# Double bond

1. Feb 9, 2005

### Cheman

Double bond....

We always talk about the double bond in an alkene being an area of particularly high electron density, which induces charges on other molecules, which is what usually causes it to react. But why is this only the case for double not single? I mean, single bonds are not overly attractive since the electrons attract as much as the nuclei repel. Is the double bond different because the pi bond is that little bit further from the nucleus, due to the p orbitals orientation, and thus attract more than the nuclei repel in-coming molecule's electrons?

2. Feb 9, 2005

### Sirus

Although single bonds polarize compounds such as bromine when in close proximity, I believe that the electron density is not high enough to polarize to the point of breaking. Therefore, the single bonds will not prompt a reaction while the double bonds will. An example of this would be benzene and bromine, which yields dibromobenzene.

3. Feb 10, 2005

### The Bob

A double bond is made of three orbital bonds, known as Pi (two fo them) and Sigma ($$\pi$$ and $$\sigma$$ respectively).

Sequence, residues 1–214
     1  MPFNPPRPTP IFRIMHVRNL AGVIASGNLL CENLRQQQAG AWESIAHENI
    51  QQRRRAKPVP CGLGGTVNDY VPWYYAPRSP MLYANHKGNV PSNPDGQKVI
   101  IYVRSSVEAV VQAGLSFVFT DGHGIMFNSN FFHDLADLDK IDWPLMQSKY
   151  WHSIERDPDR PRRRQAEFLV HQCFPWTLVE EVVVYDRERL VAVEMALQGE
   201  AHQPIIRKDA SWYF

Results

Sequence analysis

You probably know how these are formed so I will get to the point. The electrons that can be used to form other compounds will be in the two $$\pi$$ orbitals as these are were the free electrons are. A $$\pi$$ and a $$\sigma$$ are, together, not as strong as one $$\sigma$$ bond. Why?? I don't know yet but I intent to find out.

I think the best way to explain why single bonds are stronger is that, because of the position the orbitals are, a $$\sigma$$ bond is more direct in attraction than a $$\pi$$ bond. This means that the attraction through the orbitals is stronger. It is the old saying: 'The shortest point to A and B is a stright line'. This is the same for a $$\sigma$$ bond.

If any of this is wrong then I ask someone to correct it but this is my understand of it after reading on the subject for 10 minutes in my chemistry lesson today.